The sense of that merciless desert sun beating down upon its protagonist is inescapable throughout Emperor of Sand, MASTODON’s rolling thunderous riffs sending up dust choking the air from the get-go with the earthy rumble of Sultan’s Curse. Having had the same line-up on every one of their studio albums, MASTODON are a true unit with each member bringing a unique flavour to the table, and by this point they are instinctually in tune with each other. The insanely catchy Show Yourself is an exercise in perfect rock songwriting totally devoid of fat, Dailor opting to sit in his pocket for much of this album with less of the wild and ballistic flashes of old though his sheer level of talent still makes for an electrifying performance. MASTODON have certainly sounded more frenzied and savage vocally, but as actual singers Hinds, Dailor and bassist Troy Sanders are all arguably better than ever here. Sanders is positively explosive on Show Yourself, Hinds has more power behind his unorthodox wail while Jaguar God sees him exploring softer tones than he ever has before, and Dailor does a tremendous job of selling the aching anguish of these songs whether it be the absolutely stunning Steambreather or the heartbreaking chorus of Roots Remain.

In one of the studio videos released in the run up to the album Bill Kelliher spoke of having “no shortage of riffs”, and really that’s something you can always count on MASTODON for. They’re not quite as unpredictable as they have been in the past, but there are buckets of them, and throwing in a track like Andromeda housing the nastiest riff MASTODON have written in years alongside guest howls from BRUTAL TRUTH’s Kevin Sharp is most welcome. NEUROSISScott Kelly keeps up his streak of appearing on MASTODON albums on the warlike Scorpion Breath, and sprinklings of extra, more out there touches across the album keep the listener guessing. Word to the Wise’s upbeat riffing suddenly gives way to booming and imposing percussion that sound like the war drums of some barbaric civilisation, Ancient Kingdom’s chorus shimmers and glistens with huge ringing bells, and Clandestiny takes a swift and unexpected turn into bizarre and alien psychedelia halfway through complete with chattering robot voices. As the record climaxes with Jaguar God it takes a majestic leap into death itself, as the story’s protagonist succumbs to his surroundings but transcends, taking on the form of the mighty big cat as Hinds allows one of his most pure and emotive solos to pour out of him.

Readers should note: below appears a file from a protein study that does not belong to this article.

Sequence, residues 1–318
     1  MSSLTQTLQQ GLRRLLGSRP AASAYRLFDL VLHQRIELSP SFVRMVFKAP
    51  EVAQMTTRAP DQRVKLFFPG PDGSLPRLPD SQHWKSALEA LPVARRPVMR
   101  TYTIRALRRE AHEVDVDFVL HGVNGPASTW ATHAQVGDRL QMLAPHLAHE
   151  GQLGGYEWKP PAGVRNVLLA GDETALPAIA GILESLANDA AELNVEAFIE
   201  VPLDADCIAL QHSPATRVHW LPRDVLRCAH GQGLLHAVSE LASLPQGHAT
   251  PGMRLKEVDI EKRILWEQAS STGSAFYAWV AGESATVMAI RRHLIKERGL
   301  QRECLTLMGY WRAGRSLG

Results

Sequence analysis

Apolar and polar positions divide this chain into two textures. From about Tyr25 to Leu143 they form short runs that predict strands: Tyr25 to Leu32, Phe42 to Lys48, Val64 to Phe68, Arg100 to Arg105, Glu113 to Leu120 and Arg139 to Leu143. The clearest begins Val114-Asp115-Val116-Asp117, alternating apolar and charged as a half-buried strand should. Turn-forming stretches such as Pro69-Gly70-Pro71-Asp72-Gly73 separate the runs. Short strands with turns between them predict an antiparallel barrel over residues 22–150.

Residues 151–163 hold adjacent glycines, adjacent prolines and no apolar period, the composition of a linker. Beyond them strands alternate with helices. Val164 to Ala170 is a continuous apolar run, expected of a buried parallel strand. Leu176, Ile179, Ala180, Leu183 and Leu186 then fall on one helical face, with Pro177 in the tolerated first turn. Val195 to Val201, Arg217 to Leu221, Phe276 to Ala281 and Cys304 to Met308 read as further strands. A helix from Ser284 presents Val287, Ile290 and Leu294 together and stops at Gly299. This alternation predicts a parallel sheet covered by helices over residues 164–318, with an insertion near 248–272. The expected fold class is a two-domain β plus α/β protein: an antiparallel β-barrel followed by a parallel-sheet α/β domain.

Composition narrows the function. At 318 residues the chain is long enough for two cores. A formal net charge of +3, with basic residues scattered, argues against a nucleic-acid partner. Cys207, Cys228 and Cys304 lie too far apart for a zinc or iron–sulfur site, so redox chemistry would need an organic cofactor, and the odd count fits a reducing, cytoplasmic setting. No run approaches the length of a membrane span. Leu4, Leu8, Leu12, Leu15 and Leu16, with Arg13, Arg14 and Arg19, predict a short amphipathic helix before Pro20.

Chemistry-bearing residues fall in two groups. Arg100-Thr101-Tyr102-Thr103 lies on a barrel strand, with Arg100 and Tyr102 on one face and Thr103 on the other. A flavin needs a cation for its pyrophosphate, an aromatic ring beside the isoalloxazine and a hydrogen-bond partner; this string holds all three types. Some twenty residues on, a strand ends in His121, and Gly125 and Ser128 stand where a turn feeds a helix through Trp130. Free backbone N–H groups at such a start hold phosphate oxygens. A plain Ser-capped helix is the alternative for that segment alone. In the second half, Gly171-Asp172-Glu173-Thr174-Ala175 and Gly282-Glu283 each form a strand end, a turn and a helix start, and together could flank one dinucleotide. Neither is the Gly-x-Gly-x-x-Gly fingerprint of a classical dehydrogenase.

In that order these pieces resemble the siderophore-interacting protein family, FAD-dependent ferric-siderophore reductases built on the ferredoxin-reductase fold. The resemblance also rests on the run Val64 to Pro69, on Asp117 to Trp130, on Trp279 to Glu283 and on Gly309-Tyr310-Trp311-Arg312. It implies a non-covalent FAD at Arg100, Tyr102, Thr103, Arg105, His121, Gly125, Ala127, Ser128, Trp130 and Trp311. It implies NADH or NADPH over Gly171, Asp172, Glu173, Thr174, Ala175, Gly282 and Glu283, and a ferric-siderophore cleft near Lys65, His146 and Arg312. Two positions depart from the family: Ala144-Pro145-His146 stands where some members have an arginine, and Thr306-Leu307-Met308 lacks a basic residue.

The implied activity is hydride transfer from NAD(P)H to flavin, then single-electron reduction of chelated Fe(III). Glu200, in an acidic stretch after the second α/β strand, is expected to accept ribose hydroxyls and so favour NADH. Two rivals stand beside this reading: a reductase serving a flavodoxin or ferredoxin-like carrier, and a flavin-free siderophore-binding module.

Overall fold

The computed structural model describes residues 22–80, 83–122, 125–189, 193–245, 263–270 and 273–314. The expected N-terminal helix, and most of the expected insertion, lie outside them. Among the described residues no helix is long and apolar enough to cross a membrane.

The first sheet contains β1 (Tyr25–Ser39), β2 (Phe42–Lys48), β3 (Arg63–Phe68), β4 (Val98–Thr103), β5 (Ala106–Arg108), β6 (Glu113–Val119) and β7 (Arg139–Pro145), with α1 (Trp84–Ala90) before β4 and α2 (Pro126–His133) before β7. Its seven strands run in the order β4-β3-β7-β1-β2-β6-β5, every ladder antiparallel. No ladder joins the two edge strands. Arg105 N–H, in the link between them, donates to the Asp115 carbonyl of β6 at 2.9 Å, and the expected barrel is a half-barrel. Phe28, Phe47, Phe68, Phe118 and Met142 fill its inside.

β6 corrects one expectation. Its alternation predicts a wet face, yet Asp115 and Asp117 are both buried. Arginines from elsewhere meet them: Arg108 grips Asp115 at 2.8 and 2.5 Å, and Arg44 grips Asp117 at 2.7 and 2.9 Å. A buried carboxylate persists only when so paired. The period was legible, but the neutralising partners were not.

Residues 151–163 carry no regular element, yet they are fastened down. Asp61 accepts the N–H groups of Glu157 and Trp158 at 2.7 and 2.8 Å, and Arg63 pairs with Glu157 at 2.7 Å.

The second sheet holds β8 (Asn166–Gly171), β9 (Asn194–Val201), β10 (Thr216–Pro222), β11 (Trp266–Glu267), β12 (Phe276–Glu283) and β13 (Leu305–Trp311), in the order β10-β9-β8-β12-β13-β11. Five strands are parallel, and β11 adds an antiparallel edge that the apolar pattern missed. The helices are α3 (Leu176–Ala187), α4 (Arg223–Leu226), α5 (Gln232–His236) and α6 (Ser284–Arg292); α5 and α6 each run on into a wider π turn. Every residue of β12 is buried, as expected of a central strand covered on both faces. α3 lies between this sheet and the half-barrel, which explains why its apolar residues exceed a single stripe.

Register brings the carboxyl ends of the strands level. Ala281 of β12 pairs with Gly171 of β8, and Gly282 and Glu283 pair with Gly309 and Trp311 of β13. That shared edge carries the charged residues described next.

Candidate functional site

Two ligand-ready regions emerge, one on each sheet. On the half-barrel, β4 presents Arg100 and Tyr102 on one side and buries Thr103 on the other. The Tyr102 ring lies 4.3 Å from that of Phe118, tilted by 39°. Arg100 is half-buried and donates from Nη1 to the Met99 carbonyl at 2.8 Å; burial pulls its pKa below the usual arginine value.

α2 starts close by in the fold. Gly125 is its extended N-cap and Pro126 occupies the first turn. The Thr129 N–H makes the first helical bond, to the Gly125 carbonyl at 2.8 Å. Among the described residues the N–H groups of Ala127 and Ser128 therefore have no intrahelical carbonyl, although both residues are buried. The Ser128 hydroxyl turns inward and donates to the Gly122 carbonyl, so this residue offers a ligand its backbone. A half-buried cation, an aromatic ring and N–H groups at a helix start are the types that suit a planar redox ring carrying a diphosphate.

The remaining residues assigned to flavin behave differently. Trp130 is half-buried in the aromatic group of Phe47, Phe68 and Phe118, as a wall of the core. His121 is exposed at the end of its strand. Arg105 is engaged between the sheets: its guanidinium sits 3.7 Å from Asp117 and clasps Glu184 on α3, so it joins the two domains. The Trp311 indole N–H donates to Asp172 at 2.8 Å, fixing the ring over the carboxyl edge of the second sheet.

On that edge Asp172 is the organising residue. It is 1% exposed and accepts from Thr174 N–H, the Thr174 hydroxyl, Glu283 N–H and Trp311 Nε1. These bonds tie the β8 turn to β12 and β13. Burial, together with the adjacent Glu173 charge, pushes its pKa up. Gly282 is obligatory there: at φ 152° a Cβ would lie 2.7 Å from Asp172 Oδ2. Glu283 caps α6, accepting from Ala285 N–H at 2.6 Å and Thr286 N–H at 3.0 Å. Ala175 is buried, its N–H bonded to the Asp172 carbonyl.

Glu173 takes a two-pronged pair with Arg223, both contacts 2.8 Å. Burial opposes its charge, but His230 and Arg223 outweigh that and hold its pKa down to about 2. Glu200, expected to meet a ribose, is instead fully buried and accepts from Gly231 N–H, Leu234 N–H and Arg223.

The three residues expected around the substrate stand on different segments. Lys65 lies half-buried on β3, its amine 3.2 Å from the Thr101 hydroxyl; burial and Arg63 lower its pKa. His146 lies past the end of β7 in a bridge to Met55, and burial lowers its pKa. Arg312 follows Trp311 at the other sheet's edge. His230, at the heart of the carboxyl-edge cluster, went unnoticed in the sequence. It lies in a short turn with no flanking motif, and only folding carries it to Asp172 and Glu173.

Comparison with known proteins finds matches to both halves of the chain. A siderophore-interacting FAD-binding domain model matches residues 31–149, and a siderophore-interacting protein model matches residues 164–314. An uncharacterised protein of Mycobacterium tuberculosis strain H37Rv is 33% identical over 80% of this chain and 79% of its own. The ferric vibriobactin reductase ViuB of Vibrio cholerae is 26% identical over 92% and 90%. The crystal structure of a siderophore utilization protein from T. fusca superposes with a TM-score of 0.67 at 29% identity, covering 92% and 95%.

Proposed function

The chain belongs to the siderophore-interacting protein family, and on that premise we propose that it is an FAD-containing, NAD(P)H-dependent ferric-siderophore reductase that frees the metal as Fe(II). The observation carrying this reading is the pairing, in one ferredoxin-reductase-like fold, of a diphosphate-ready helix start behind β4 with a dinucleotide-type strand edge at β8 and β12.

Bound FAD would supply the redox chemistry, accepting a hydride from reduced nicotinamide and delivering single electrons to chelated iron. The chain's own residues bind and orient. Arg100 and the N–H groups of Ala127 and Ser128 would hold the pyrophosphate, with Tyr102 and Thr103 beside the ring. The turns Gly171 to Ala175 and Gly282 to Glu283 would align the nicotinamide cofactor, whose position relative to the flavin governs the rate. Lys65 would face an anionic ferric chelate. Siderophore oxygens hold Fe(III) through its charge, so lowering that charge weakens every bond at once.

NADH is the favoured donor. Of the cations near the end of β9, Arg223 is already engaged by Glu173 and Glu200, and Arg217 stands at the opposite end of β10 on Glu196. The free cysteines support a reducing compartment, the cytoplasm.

Emperor of Sand’s only real flaws come when it is compared to the flawless, the records with which MASTODON made their name and built their legacy. It very clearly belongs to this second post-Crack the Skye phase of MASTODON’s career, though it does an excellent job of tying this chapter to the previous one in a way that The Hunter and Once More ‘Round the Sun did not. With its fluid and captivating arc, addictive songs that have you coming back again and again, and poignant and inspiring emotional undercurrent, Emperor of Sand is yet another triumph for MASTODON, but it’s difficult to predict where they can go from here creatively without retreading old ground. Here in 2017 though the well has not yet run dry, and MASTODON have crafted a record with tremendous amounts of power and an incredible amount of heart.

Rating: 9/10

Emperor of Sand - Mastodon

Emperor of Sand is out March 31st on Reprise Records.